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Exchange rate deals that can boost your holiday cash by £170

Tourists urged to shop around when buying foreign currency

  • Study has found that exchange rates for dollars and euros varies incredibly widely between retail and online bureaux de change
  • Holidaymakers could save up to £100.40 when purchasing €1,000 or £71.52 if buying $1,000 at the Best Foreign Exchange website
  • The cheapest way to pay for goods or to withdraw cash in Europe  and the US was with a credit card that does not charge for overseas transactions

Read more: http://www.dailymail.co.uk/news/article-2603419/Exchange-rate-deals-boost-holiday-cash-170-Tourists-urged-shop-buying-foreign-currency.html#ixzz2ykZ7tKMB  

Failing to shop around for your foreign currency and ways to pay on holiday could end up costing  you almost £170, according to  consumer watchdog Which? 

Ahead of the Easter getaway, Which? magazine looked at how much better off holidaymakers could be if they chose the best currency and payment deals before, during and after their break. It found the exchange rates for dollars and euros varies so widely between retail and online bureaux de change that consumers could pay up to 10p extra on every euro and 7p for each dollar bought if they picked the wrong rate.

Its report also revealed that  ordering online was the cheapest option for tourists looking to buy  foreign currency.

Holidaymakers could save up to £100.40 when purchasing €1,000  or £71.52 if buying $1,000 at the Best Foreign Exchange website, compared with getting their money last minute at the airport. The report said: ‘Based on our average exchange rates, buying €1,000 would have cost £934.84 with ICE at Luton Airport.

‘Ordering online from Best  Foreign Exchange for home delivery, the cheapest we found, would have cost just £834.44. 

If you’re going to the US, you would have paid £683.71 for $1,000 at Manchester Airport Travelex, compared with £612.19 if you ordered your currency online from Best Foreign Exchange. 

‘Other airports had better rates than we found at Luton and Manchester, but in general you’ll get a better deal by ordering online.’

The survey also found that consumers could be stung by charges when paying abroad with credit or debit cards, with the worst offenders costing an extra 6p per euro  or 5p for every dollar spent than the best deals.

The cheapest way to pay for goods or to withdraw cash in Europe  and the US was with a credit card that does not charge for overseas transactions. 

This saved £56.63 when spending €1,000 with a Metro Bank Card  and £49.01 on $1,000 with the Post Office MasterCard, compared  with using a Halifax debit card.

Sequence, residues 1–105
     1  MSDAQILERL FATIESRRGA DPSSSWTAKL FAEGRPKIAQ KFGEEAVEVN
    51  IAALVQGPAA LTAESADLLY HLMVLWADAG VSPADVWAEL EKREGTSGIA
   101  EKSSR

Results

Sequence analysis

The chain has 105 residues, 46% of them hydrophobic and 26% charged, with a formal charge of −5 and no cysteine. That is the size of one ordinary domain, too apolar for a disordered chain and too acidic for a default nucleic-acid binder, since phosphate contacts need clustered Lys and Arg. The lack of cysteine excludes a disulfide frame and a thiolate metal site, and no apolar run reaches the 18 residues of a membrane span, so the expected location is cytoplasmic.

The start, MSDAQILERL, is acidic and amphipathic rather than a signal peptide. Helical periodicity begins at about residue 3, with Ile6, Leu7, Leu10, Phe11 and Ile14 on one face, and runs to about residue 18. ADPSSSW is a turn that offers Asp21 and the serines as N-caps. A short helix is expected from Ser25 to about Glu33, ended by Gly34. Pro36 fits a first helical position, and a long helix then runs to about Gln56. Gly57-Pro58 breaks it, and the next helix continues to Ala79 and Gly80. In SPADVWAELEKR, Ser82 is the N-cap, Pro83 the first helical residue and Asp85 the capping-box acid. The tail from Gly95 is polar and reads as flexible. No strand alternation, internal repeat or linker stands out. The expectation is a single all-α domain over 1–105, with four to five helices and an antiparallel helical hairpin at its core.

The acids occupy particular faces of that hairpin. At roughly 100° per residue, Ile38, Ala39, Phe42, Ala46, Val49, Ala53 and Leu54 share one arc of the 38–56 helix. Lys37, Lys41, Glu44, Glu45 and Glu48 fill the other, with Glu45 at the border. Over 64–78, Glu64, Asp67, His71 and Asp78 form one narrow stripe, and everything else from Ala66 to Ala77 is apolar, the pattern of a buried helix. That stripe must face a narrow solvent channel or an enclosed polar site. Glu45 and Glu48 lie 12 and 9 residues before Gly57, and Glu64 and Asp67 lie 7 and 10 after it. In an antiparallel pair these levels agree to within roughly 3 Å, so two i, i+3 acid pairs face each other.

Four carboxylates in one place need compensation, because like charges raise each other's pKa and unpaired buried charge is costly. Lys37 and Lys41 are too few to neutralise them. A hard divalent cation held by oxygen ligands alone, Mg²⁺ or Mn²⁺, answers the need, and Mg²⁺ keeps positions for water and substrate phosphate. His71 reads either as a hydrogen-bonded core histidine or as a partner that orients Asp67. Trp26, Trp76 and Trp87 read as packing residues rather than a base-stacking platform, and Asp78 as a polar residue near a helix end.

Which? also pointed out that it  pays to shop around when returning your unused currency – the  best deal saved £9.49 when selling back €100 and £7.10 on $100. 

Places like airports charge massive premiums on changing currency

The report added: ‘You can pay for a guarantee with some providers so they will buy at the same rate they sold to you at, but they aren’t necessarily worth it as, after deducting the cost of the guarantee, we found you could get a similar amount of currency from other providers.’

It means that in total holidaymakers could save £166.52 if spending €2,000 – €1,000 before travelling, another €1,000 while abroad, and then returning €100 in leftover  currency on their return. 

For the equivalent on $2,000, the saving could be as much as £127.63, the survey found.

A Which? spokesman said that consumers should also remember that unlike other financial transactions, currency exchange is not regulated by the Financial Conduct Authority or covered by the Financial Services Compensation Scheme – meaning if a firm goes bust before delivering your order, you could lose your money. 

Which? editor Richard Headland said: ‘Shopping around for currency before you go away will make your holiday money go further, so get online to find the best deals.

‘Once you’re abroad, you could easily waste around £50 if you use  a credit, debit, or pre-paid card that has expensive fees. 

We recommend switching to a lower-cost card, even if it is one that you get purely to use on holiday.’

For the research, the consumer group monitored exchange rates at 30 online currency providers, five UK airports and ten high-street  outlets between January 29 and February 26 this year. It then used average rates over those weeks to work out the cost of buying €1,000 and $1,000. Halifax was not available for comment last night.

 Read more: http://www.dailymail.co.uk/news/article-2603419/Exchange-rate-deals-boost-holiday-cash-170-Tourists-urged-shop-buying-foreign-currency.html#ixzz2ykZ7tKMB  

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